6 Top Tips for Visiting ANY Disney Park

I have a ton of friends heading out to the Disney Parks in the next few months… Disney World in Florida, Disneyland Paris, and even Shanghai Disneyland.  While there are certainly differences among the parks, there are a handful of tips that work for all of them.   After cutting and pasting emails I’ve sent to friends, I thought I would share with my readers tips that can be used for any Disney theme park vacation.

  1. Plan Ahead

    A Disney trip is not like a relaxing beach holiday.  Or even a ski holiday, where you know what you will be doing each day.  A trip to Disney is more like a trip to New York City or London… you need to research the sights you want to prioritize (unlikely you will be able to do all of them), figure out the best way to squeeze in those attractions, and make reservations in advance for the popular venues.  Likewise, you need to do the same planning for a Disney trip, especially if you are a novice.Visiting any Disney park is not cheap and you want to make the most of your time and budget.  Do the research, make at least a rough plan and a list of priorities, and book the popular attractions.

  2. Buy Ahead

    Along the lines of Disney’s not being cheap… buy what you can ahead of time.  It will save you money, time, and give you a better selection.  Items I recommend buying ahead of time and bringing with you:

    Autograph books

    Whether you choose a custom-made one from Etsy, or make your own, or buy something off Amazon or the Disney Store, you will have more options and likely save a lot of money by purchasing these books in advance.  I like to buy each of my kids a small blank sketchbook and put some Disney stickers on the cover.   But you can also purchase ones on Etsy that will be personalized and have places for pictures next to the character autographs.  If you want to get more creative collecting character autographs, purchase a large picture frame mat,  pillowcase, or even the Encyclopedia of Animated Characters.

    Preparing for Disney by making or buying autograph books in advance
    Autograph books I made for our Disney trips

    -Sharpies

    You need to provide the characters with pens to sign your autograph book or whatever else you’ve brought.  Ball point pens are not going to do the trick, especially for characters wearing thick gloves (like Mickey and almost every non-Princess).  I love having them use the Retractable Sharpie Markers in Fine Point.  They write great, are big enough for all the characters to hold, and there are no caps to lose.  I would get a pack for each person in my group who is collecting autographs.

    You can see from the photo below how much of an impact the right marker makes when collecting autographs.  The Mickey Mouse autograph was done using a retractable Sharpie.  Minnie Mouse signed with an extra fine point Sharpie, which doesn’t make the impression you want.
    Best way to get Disney character autographs - Grand Family Getaways

    -Ponchos
    Go to the dollar store/Poundland/Amazon and pick up a couple of cheap plastic ponchos for each member of your group.  You can buy these at Disney, but you will pay five times more.  They take up virtually no space and weigh nothing, but when a rain shower comes (or you ride a water ride) you will be so thankful you have them.   I have even used them to cover up our stroller while we escaped the rain in an attraction.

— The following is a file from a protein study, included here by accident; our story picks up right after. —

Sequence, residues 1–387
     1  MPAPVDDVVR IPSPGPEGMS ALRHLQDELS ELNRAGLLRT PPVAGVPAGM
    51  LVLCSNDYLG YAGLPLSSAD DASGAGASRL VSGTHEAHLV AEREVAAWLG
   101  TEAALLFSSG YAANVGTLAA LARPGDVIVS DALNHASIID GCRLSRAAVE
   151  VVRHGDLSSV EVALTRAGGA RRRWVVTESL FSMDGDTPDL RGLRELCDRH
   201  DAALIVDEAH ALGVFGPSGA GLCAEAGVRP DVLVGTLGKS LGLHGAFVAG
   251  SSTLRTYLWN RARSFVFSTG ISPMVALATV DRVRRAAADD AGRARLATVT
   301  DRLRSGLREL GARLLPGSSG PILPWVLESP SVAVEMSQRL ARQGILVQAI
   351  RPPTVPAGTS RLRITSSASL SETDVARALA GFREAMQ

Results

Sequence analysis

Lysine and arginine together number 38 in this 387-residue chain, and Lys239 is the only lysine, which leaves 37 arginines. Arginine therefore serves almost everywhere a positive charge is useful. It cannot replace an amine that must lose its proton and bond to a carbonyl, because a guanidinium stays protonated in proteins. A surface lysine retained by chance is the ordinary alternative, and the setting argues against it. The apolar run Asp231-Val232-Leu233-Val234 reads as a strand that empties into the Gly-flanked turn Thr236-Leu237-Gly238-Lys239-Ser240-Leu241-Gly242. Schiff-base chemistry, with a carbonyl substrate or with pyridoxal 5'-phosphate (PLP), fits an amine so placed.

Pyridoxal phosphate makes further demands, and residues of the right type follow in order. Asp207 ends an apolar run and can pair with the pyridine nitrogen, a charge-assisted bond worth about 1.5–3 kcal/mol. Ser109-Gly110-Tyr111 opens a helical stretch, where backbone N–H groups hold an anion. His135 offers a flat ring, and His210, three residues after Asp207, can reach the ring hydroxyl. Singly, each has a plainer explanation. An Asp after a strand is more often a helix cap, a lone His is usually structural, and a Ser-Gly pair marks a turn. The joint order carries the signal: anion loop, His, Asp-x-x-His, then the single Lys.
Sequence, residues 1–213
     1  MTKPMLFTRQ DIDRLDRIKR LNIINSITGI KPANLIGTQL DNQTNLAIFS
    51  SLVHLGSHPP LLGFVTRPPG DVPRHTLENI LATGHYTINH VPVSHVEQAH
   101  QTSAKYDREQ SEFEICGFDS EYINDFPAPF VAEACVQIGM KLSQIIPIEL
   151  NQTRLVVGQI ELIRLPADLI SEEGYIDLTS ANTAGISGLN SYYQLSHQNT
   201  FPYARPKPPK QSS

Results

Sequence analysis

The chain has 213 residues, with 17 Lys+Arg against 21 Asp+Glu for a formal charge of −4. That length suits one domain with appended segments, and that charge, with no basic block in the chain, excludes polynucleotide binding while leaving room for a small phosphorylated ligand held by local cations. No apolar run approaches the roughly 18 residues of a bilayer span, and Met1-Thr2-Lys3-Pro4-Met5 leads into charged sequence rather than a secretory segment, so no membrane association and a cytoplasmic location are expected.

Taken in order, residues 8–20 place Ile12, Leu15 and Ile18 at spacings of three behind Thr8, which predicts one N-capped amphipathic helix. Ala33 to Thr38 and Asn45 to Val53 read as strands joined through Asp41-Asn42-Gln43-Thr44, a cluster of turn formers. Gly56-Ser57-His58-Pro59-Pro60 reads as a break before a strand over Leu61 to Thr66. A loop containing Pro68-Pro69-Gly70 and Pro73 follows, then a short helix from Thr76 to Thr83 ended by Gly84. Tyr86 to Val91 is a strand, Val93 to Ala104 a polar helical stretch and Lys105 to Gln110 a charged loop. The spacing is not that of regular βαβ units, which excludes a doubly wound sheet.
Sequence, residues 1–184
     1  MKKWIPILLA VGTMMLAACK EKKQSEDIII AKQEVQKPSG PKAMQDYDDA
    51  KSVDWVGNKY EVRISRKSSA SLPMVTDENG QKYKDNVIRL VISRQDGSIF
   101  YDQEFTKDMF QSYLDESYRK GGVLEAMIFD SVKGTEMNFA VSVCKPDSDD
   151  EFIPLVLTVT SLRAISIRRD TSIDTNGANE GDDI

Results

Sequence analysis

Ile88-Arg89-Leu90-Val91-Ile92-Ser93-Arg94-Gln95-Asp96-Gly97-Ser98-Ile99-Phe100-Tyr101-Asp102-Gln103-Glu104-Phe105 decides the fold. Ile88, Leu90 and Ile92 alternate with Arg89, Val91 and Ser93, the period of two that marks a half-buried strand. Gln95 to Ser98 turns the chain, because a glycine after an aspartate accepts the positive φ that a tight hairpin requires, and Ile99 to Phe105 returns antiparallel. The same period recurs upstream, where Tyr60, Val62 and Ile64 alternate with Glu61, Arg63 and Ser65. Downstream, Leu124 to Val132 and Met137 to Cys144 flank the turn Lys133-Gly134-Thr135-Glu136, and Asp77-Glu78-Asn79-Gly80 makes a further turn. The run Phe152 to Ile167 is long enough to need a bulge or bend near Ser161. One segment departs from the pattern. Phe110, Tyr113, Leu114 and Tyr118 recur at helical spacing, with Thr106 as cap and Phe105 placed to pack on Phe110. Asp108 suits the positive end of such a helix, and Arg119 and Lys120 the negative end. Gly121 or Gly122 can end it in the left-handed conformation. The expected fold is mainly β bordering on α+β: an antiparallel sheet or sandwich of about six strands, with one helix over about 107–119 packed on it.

-Mouse Ears

    While I love wearing mouse ears in the parks, I realize not everyone does.  But if you think your family will be into wearing them (or ear hats),  buy in advance.  You can get them for a fraction of the price on Amazon or find them on sale at the Disney Store.  In the parks, you will have less selection and pay more. If you are really into mouse ears, check out one of the many sellers on Etsy that make them in every imaginable theme and color.

    Prepare for Disney by purchasing Mouse Ears ahead of time
    A selection of mouse ears I’ve purchased ahead of park visits from Amazon and Etsy

    -Kids costumes/Princess dresses

    Unless it is Halloween, adults aren’t usually allowed to wear costumes in the Disney parks.  However, kids do… a lot.  And if you have brought your little princess to Disney and she wants to wear a princess dress and you don’t have one… well Disney is happy to provide a generally low quality,  outrageously priced princess dress for you.  Most of these will be made of delicate tulle guaranteed to fall apart after the first day in the park.  If your child doesn’t already own some Disney costumes and you think she will want them, buy in advance.  I happen to be the mother of a princess (I think that makes me the queen, right?) who loves her costumes, and we plan out her outfits in advance (many of which are worn daily at home).    I highly recommend the dresses made by a company called “Little Adventures”.  While not officially Disney, these costumes will make any little princess happy –  and her parents.  They are super comfortable, beautiful, high-quality and machine washable.  You can often find them on Amazon, but one of my favorite sources is Mom Approved Costumes.   Don’t forget the boys either… my son surprised me by asking to bring his Spiderman costume to our last trip to Disneyland Paris.  If you have an aspiring pirate, Buzz Lightyear, Jedi, or superhero, I would strongly encourage you to bring those costumes too.   I usually just pack them compactly in a Ziploc bag and have them ready for the kids to wear when they want.

    Comfortable shoes

    You have no doubt already considered this detail,  but I recommend that you have at least two pairs of extremely comfortable shoes or sneakers for every member of your family.  If not,  buy them and break them in NOW.    Why two pair?   There is a strong possibility that your feet get at least a little wet…  rain showers, water rides, over-excited 6-year-olds who spill a drink on you.  And if they do, you will want to change shoes the next time you are back in your hotel.   Also, you will be walking WAAAAAY more than you usually do, and if one pair starts rubbing the wrong way, you will want to change shoes to avoid blisters.  If every member of your party does not already own two pairs of sneakers, buy them and break them in NOW.  (Yes, I know,  I am repeating myself.)